The categorical approach is used to assess whether a state offense like 21 O.S. § 1287(A) qualifies as an aggravated felony for purposes of naturalization.[15] Under this approach, the Court looks “‘not to the facts of the particular prior case,' but instead to whether ‘the state statute defining the crime of conviction' categorically fits within the ‘generic' federal definition of a corresponding aggravated felony.”[16] A categorical match exists only if the state offense “necessarily includes the generic federal offense.”[17] In this assessment, the Court presumes that the state conviction rested on the least of the acts criminalized, and then determines “whether that conduct would fall within the federal definition of the crime.”[18] This means that a state statute is a categorical match only if the elements of the state statute are the same as, or narrower, than those of the corresponding federal offense.[19] Thus, when a statute has an indivisible set of elements, the application of the categorical approach is simple: line up the elements and see if they match.[20]

         Analysis

         If Defendants are correct that Plaintiff's prior conviction is an “aggravated felony, ” then summary judgment is appropriate because Plaintiff is statutorily barred from naturalization. But if Defendants are not correct, then Plaintiff is entitled to a hearing at which she can attempt to demonstrate her good moral character.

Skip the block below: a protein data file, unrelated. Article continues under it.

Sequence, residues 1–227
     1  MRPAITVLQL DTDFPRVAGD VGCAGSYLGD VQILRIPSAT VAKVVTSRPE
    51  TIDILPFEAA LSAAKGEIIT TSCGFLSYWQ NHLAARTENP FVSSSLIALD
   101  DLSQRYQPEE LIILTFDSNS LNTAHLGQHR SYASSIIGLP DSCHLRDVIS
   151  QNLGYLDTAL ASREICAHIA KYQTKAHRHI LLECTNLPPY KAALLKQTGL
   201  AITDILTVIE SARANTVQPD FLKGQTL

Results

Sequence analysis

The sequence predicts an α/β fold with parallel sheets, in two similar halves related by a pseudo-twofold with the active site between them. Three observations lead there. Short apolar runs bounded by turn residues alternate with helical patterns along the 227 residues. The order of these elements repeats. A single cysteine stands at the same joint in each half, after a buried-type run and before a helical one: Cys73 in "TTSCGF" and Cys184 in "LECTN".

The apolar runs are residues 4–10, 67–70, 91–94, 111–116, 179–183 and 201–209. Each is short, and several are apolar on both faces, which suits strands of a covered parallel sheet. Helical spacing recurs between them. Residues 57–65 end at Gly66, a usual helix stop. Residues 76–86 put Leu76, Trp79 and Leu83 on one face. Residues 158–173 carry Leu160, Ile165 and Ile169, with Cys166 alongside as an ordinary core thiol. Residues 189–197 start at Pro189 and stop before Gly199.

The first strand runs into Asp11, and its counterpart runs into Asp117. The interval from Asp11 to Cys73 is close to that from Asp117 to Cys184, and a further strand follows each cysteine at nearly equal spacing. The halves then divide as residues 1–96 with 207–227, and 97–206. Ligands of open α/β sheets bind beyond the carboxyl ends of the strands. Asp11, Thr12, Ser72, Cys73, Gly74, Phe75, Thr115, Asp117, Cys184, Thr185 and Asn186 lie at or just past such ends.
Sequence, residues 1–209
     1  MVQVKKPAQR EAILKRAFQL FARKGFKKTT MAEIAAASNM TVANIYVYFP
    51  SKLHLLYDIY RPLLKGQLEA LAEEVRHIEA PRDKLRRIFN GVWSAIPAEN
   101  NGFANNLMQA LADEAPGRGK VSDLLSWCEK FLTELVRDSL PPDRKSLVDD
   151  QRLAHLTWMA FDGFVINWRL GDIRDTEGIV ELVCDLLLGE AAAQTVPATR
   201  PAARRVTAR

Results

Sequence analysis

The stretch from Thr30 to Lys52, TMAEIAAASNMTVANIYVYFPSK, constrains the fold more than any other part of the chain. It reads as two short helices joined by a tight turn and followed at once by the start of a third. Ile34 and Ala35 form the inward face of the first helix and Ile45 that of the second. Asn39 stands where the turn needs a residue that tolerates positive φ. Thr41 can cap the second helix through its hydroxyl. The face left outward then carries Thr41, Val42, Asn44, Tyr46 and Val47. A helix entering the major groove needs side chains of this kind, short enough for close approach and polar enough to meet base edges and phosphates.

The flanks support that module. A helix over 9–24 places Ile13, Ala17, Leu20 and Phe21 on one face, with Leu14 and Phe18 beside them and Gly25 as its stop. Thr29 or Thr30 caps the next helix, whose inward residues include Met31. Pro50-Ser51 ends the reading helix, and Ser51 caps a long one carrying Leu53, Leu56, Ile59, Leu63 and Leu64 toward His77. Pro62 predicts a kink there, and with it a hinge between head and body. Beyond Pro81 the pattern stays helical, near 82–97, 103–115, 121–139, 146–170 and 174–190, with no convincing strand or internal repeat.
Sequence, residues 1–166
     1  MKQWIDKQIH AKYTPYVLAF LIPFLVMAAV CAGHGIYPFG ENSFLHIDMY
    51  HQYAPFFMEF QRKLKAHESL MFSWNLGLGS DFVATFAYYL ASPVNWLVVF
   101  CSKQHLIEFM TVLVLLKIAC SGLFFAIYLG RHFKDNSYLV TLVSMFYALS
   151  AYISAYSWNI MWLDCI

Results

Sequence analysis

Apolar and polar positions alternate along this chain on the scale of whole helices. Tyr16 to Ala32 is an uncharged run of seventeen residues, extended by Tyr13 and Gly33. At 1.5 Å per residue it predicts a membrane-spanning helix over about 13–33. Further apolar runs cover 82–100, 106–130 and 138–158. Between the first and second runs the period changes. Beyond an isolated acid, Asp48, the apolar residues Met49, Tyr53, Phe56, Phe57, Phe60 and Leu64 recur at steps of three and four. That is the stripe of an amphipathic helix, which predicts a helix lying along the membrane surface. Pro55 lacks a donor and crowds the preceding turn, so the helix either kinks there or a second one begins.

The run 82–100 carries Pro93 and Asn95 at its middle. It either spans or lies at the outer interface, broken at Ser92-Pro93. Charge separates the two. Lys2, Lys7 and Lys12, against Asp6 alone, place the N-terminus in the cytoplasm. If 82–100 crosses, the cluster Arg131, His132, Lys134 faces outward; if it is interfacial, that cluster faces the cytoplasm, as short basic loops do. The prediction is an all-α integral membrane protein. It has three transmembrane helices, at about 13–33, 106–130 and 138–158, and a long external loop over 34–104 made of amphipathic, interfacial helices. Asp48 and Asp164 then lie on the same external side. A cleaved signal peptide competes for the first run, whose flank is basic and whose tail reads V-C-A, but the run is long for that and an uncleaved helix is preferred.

Applying the categorical approach, the state statute, 21 O.S. § 1287(A), criminalizes more conduct than does the corresponding federal statute, 18 U.S.C. § 924(b). First, the actus reus of the state statute is broader than that of the corresponding federal statute. The former requires the actor to possess, while the latter requires the actor to ship, transport, or receive. As the government points out, to ship, transport, or receive an item necessarily requires one to possess it.[21] But under the state statute, a conviction may rest on possession independent of shipping, transporting, or receiving an item. Thus, the simple possession necessary to satisfy 21 O.S. § 1287(A) may not be enough to satisfy the actus reus of shipping, transporting, or receiving required by 18 U.S.C. § 924(b).[22]

         Second, the state statute criminalizes the possession of more things than does the corresponding federal statute. Unlike the federal statute, which criminalizes only the possession of firearms or ammunition, the state statute criminalizes the possession of any offensive weapon, including rifles, toy pistols, knives, gas-filled weapons, and metal knuckles, to name a few.[23] ...